DeepMind and Kramnik tapped AlphaZero’s ability to learn a game from scratch to explore new variants more quickly than the decades or centuries of human play that would reveal their beauty and flaws. “You don’t want to invest many months or years of your life trying to play something, only to realize that, ‘Oh, this just isn’t a beautiful game,’” says Tomašev.
AlphaZero is a more flexible and powerful successor to AlphaGo, which laid down a marker in AI history when it defeated a champion at Go in 2016. It starts learning a game equipped with only the rules, a way to keep score, and a preprogrammed urge to experiment and win. “When it starts playing it’s so bad I want to hide under my table,” says Ulrich Paquet, another DeepMind researcher on the project. “But seeing it evolve from a void of nothingness is exciting and almost pure.”
In chess, AlphaZero initially doesn’t know it can take an opponent’s pieces. Over hours of high-speed play against successively more powerful incarnations of itself, it becomes more skilled, and to some eyes more natural, than prior chess engines. In the process it rediscovers ideas seen in centuries of human chess and adds flair of its own. English grandmaster Matthew Salder described poring over AlphaZero’s games as like “discovering the secret notebooks of some great player from the past.”
The nine alternative visions of chess that AlphaZero tested included no-castling chess, which Kramnik and others had already been thinking about, and had its first dedicated tournament in January. It eliminates a move called castling that allows a player to tuck their king behind a protective screen of other pieces—powerful fortification that can also be stifling. Five of the variants altered the movement of pawns, including torpedo chess, in which pawns can move up to two squares at a time throughout the game, instead of only on their first move.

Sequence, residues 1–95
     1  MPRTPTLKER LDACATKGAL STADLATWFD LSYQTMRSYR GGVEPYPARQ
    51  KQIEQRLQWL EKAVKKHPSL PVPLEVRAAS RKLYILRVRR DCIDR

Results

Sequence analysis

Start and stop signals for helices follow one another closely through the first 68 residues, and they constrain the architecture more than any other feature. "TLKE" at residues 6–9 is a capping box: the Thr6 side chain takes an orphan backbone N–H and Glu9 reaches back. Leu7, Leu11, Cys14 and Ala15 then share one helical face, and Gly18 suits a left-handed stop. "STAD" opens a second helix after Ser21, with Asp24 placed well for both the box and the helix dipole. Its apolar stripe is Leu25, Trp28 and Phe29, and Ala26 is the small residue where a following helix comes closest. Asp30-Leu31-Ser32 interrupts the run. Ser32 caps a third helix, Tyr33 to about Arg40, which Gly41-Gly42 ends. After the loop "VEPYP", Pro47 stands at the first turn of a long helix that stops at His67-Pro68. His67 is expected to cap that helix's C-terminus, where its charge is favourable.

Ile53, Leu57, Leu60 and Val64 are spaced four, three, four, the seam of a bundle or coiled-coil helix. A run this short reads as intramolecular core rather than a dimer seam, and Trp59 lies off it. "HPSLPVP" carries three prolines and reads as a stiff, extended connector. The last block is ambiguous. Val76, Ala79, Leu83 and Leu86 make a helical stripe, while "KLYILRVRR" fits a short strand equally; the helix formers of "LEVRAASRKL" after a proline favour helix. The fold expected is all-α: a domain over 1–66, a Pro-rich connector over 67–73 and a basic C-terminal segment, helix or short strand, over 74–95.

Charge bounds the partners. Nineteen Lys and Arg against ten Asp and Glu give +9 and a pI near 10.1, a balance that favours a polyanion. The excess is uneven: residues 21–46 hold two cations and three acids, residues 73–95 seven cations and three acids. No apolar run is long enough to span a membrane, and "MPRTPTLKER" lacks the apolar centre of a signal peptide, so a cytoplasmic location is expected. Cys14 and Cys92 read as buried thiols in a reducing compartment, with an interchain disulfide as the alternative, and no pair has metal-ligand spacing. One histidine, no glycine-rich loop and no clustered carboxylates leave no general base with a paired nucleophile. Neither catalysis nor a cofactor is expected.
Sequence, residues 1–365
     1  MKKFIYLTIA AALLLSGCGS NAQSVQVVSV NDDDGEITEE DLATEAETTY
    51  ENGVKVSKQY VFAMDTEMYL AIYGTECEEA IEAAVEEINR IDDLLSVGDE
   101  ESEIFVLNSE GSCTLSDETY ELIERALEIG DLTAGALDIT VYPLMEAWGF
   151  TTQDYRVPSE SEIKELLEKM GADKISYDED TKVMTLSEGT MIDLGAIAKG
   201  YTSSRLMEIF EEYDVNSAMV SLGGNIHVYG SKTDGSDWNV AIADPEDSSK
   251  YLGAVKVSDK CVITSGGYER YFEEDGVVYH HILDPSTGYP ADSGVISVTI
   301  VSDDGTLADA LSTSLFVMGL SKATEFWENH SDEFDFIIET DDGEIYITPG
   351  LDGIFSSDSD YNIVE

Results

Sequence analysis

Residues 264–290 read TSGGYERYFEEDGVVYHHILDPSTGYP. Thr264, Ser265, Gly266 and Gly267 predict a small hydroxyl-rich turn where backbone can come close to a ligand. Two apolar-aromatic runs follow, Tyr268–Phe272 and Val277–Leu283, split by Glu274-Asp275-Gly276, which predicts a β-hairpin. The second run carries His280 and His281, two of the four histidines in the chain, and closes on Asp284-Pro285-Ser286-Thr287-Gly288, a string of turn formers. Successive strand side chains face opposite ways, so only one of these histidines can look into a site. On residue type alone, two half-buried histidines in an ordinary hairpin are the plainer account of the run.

One way of reading AlphaZero’s results is in cold numbers. Draws were less common under no-castling chess than under conventional rules. And learning different rules shifted the value AlphaZero placed on different pieces: Under conventional rules it valued a queen at 9.5 pawns; under torpedo rules the queen was only worth 7.1 pawns.
DeepMind’s researchers were ultimately more interested in the analysis of the other great chess brain on the project, Kramnik. “This is not about numbers, but whether it is qualitatively, aesthetically pleasing for humans to sit down and play,” says Tomašev. A technical paper released Wednesday includes more than 70 pages of commentary by Kramnik on AlphaZero’s explorations.
Kramnik saw flashes of beauty in how AlphaZero adapted to the new rules. No-castling chess provoked rich new patterns for keeping the king safe, he says. A more extreme change, self-capture chess, in which a player can take their own…
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